Unlike the principal curvatures, or the Gaussian and mean curvature, one might desire to characterize surface curvature by way of a quantity and a quality. The Casorati curvature is a natural measure of quantity. The quality might be the ratio of principal curvatures, say. Years ago I introduced a convenient “shape index” based on that notion [33,41]. It distinguishes the (unit) sphere from the pseudosphere, even though their “curvedness” is the same. The shape index is defined on an interval {−1, +1}, whose endpoints represent the umbilics (spheres). Shapes of opposite sign are related by a depth inversion, thus the pseudosphere resides at the origin [42].

In order to show how this works, I write a general quadric in terms of a linear combination of the sphere and the pseudosphere:


(Notice that (x2y2)/2 and xy are congruent, because (x2y2)/2 = uv, where u=(x+y)/2, v=(xy)/2. The coordinate systems {x, y} and {u, v} are mutually rotated over π/4.)

The principal curvatures are κ1=t+r2+s2, κ2=tr2+s2, thus K = κ1κ2 = t2r2s2, H = κ1 + κ2 = 2t. Then the curvedness is C=r2+s2+t2 and I define the shape index as S=t/r2+s2 (that is arctan((κ1 + κ2)/(κ1κ2))).

Since {t, r, s} = {C sin S, C cos S cos2φ, C cos S sin2φ}, the parameters {C, S, 2φ} are special polar coordinates of “shape space.” The Casorati curvature is simply the distance from the origin. Fixing φ factors out orientation, fixing C then leaves us with a semicircle (notice that φ = φ + π) that parameterizes the quality (the shape index).

I continue with a different motivation of the Casorati curvature. In this case the root mean square deviation definition works very well. For using the weight

we find that SDt1/2(κxx2+κyy2)=t2κx2+κy2=2tC. Thus the silly Cro Magnon measure yields Casorati’s preferred answer!

I merely preferred to change Casorati’s curvature into the “curvedness” (κx2+κy2)/2 [33], because then the curvedness of a sphere with principal curvatures κ1 = κ2 = κ becomes κ. This might fit the Cro Magnon hunter’s mind better.21 It certainly agrees better with my students and many academic colleagues outside the exact sciences.

This is not essentially different from Casorati’s curvature, of course.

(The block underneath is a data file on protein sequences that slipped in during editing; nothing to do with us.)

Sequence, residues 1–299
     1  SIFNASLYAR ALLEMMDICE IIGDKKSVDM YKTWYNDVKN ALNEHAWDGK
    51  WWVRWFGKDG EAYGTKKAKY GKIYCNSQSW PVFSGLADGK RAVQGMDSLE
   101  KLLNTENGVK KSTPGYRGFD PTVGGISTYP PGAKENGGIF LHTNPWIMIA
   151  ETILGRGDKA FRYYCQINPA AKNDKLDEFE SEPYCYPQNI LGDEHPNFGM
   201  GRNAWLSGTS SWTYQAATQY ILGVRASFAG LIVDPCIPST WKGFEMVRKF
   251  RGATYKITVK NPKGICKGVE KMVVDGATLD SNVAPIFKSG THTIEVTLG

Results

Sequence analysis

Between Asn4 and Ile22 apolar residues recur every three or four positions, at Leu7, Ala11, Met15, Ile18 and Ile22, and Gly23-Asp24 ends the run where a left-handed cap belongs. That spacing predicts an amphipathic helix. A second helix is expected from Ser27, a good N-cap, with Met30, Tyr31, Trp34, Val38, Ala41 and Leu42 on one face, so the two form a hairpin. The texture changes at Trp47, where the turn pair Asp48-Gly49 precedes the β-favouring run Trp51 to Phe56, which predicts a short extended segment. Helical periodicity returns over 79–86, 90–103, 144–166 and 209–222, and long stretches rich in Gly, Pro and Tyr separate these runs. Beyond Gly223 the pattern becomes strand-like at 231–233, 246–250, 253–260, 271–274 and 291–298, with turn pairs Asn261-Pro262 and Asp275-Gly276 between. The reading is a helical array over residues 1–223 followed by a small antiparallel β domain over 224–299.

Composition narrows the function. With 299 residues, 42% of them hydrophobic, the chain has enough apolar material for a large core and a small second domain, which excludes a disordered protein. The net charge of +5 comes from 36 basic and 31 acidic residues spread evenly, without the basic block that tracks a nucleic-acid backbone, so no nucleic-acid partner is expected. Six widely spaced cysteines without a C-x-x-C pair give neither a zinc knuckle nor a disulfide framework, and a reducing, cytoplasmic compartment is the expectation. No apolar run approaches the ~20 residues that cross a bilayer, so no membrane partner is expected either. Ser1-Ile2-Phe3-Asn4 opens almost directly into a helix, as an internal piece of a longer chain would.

In order to get some feeling for the convex (or concave) and the saddle-like surfaces, here are some simple observations. The unit sphere (x2 + y2)/2 has indeed unit principal curvatures. An arbitrary line in the picture plane x0 + s cosφ, y0 + s sinφ can be seen as the projection of

that is
on the surface. This is just the rotated and translated unit circle.

Thus all curves on the sphere that project in straight lines are mutually congruent great circles. All have the same curvature, thus surface patches at different locations are perfectly congruent. Indeed, you can move the unit sphere in itself.

Repeating this for the unit “pseudosphere” (x2y2)/2 (Figure 11), yields


Figure 11

Hyperbolic paraboloid (Modellsammlung, Mathematisches Institut – Universität Göttingen [43]). This is the primordial “saddle surface.” A plaster model that derives from Felix Klein’s activities. (Klein actually held that his mathematics was about the models and not vice versa. He could be more against the grain than I am here.) The lines drawn on the surface show the remarkable “Cartesian net” discussed in the text

This shows that the curvature of curves that project on straight lines is cos2φ. Thus the principal curvatures are ±1, indeed concave and convex.

The lines in the direction φ = ±45° have zero curvature. Consider two of such lines that are parallel in the projection. These lines have different slopes, but they keep constant distance, like a railway track.22 Thus we find two mutually orthogonal families of parallel lines on the pseudosphere (Figure 11).